“He got away with it until he didn’t.”
by Tom Sullivan
After hours wasted giving speech-questions Corey Lewandowski threw back in their faces Tuesday, Democrats on the House Judiciary Committee finally brought in a pro. Barry H. Berke, a private attorney working for Democrats, systematically penetrated Lewandowski's smug-thug armor. In the end, Berke got the former Donald Trump campaign manager to admit he lies to the press and, by extension, to America news consumers. "I have no obligation to be honest to the media," Lewandowski said, prompting gasps from observers in the hearing room.
It wasn't the comeuppance one might have wished for, but might be enough to render stillborn Lewandowski's New Hampshire Senate run. Imagine the billboards, radio spots, and television ads.
Seeing Lewandowski's former boss brought low will require tactics more unorthodox than Berke's. Minds more clever and/or ruthless than mine might be required. Trump, after all, was tutored by Roy Kohn in the fine art of inflicting pain and getting even. He's demonstrated a complete disdain for proper procedure, norms of governance, and the rule of law. "Getting away with it" is how Trump has lived his whole life.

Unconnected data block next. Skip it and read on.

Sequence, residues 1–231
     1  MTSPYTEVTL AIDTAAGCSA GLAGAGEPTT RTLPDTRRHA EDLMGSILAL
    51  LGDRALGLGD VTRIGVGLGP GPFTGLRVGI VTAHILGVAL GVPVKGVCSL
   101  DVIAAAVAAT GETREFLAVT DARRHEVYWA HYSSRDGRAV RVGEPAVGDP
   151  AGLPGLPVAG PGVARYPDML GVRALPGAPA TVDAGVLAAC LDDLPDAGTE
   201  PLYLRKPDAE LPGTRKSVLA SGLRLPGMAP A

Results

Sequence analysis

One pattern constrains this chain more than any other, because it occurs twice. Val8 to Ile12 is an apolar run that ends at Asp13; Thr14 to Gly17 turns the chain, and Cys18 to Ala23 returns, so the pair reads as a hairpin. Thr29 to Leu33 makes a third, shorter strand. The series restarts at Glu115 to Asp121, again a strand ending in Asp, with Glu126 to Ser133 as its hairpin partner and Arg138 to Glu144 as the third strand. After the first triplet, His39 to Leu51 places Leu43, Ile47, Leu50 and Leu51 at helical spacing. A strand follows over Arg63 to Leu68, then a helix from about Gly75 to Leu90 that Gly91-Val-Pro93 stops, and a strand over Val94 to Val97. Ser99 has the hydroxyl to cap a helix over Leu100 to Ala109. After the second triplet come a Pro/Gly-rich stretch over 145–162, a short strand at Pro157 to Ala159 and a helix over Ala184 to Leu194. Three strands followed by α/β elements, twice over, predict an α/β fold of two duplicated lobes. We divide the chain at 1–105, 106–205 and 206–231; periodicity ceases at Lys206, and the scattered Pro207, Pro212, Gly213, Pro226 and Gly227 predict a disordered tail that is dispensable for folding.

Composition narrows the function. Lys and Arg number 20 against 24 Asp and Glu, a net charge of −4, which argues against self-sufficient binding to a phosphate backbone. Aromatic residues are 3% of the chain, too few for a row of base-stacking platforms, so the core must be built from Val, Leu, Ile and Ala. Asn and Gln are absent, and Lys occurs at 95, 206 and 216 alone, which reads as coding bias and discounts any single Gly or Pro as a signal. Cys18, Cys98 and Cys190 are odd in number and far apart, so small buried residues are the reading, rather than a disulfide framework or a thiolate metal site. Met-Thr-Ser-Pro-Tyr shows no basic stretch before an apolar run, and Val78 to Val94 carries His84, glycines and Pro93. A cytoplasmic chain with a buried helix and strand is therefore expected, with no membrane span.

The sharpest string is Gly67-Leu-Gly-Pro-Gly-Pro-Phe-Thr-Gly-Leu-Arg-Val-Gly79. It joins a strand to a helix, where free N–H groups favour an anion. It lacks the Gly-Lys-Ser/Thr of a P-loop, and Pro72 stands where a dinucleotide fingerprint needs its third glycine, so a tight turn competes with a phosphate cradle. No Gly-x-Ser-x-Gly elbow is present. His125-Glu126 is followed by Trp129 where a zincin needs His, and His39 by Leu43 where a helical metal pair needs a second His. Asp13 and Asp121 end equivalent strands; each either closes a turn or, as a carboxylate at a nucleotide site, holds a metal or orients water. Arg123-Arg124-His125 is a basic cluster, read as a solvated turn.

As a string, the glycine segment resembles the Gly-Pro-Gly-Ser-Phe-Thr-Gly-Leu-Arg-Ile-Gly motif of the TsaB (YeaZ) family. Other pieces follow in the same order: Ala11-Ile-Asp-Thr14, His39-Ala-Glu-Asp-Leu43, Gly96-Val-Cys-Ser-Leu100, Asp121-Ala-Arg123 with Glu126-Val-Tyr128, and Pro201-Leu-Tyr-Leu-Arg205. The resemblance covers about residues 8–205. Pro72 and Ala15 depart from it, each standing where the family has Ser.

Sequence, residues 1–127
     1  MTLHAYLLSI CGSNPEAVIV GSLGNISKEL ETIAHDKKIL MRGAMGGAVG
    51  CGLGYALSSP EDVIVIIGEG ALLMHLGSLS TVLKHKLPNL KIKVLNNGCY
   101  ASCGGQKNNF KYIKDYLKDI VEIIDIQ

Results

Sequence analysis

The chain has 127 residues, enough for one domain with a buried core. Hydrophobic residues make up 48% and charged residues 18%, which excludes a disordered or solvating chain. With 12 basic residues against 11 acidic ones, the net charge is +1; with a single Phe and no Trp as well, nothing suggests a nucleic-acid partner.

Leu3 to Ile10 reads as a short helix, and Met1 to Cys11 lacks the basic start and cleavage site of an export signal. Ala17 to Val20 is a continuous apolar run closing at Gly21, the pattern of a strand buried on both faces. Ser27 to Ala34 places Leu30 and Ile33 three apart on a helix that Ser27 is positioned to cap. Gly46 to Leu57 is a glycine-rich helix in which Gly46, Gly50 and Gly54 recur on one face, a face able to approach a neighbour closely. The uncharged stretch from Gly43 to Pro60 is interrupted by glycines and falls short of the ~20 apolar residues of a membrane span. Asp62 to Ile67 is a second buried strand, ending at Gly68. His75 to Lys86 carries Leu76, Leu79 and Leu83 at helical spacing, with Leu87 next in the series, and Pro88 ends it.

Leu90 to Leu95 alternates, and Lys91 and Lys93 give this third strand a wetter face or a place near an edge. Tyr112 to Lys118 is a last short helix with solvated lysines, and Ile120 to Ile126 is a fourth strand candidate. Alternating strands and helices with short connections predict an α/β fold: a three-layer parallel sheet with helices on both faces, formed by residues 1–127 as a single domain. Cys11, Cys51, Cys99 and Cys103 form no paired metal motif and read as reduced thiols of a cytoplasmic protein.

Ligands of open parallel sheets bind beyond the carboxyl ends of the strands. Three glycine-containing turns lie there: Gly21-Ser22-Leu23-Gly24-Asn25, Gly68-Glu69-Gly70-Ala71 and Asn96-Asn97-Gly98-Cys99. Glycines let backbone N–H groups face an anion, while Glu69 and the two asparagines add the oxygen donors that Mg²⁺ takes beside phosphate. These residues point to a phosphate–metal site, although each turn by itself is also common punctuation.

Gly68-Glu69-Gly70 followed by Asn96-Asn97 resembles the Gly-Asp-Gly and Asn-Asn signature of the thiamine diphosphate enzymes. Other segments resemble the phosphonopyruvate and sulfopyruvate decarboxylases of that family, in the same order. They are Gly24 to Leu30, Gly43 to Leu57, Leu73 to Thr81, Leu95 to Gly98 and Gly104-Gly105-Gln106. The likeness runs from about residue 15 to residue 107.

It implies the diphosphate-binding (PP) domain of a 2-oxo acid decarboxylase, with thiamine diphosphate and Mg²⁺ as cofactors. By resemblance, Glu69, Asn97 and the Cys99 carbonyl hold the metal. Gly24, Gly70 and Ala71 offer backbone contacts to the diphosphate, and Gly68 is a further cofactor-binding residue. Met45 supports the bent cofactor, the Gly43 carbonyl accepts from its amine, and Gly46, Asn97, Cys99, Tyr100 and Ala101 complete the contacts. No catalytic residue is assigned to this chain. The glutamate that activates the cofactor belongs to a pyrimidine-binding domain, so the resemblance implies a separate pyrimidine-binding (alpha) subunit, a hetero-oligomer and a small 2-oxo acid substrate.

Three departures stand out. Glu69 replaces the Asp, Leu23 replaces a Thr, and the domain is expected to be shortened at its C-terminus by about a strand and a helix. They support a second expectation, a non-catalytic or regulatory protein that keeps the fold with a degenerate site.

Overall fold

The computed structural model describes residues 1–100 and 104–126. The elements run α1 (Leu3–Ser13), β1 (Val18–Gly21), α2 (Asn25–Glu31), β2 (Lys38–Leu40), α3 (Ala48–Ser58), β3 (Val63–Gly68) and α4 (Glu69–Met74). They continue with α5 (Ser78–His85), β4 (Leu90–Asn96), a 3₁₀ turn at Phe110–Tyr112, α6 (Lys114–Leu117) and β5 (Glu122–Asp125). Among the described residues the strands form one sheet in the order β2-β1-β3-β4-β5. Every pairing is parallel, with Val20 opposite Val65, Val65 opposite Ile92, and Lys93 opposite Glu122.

But even Roy Cohn finally crashed and burned. Michael Kruse discusses that in the context of a Cohn documentary from producer-director Matt Tyrnauer:
It’s the past quarter or so, though, of Tyrnauer’s film that is perhaps most salient at this stage of Trump’s first term. It deals with the less discussed but arguably much more trenchant lesson of Cohn’s life—not his decades of dark-arts untouchability but his brutal comeuppance. Cohn did not, in the end, elude the consequences of his actions. He could not, it turned out, get away with everything forever. He was a braggart of a tax cheat, and the Internal Revenue Service closed in; he was an incorrigibly unethical attorney, and he finally was disbarred; and only six weeks after that professional disgrace, six months shy of 60 years old, Cohn was dead of AIDS.The fate of the republic may depend on it.
Now, less than 14 months out from next year’s election, with Trump facing historic legal and political peril, it’s getting harder and harder not to wonder what he might or might not have gleaned from watching Cohn’s wretched unraveling. Trump is beset by 29 federal, state, local and congressional investigations. Poll after poll shows he’s broadly disliked. He could win reelection, obviously, but it’s true, too, that he’s an unusually endangered incumbent. Trump, to be sure, is not weakened by physical sickness, and he has not been pursued by prosecutors and other committed antagonists for nearly as long as Cohn was. And as powerful as Cohn was perceived to be at his peak, he was never, it almost goes without saying, the most powerful man in the world. Even so, the question looms: Will Cohn’s most accomplished and attentive mentee ultimately suffer a similar fate?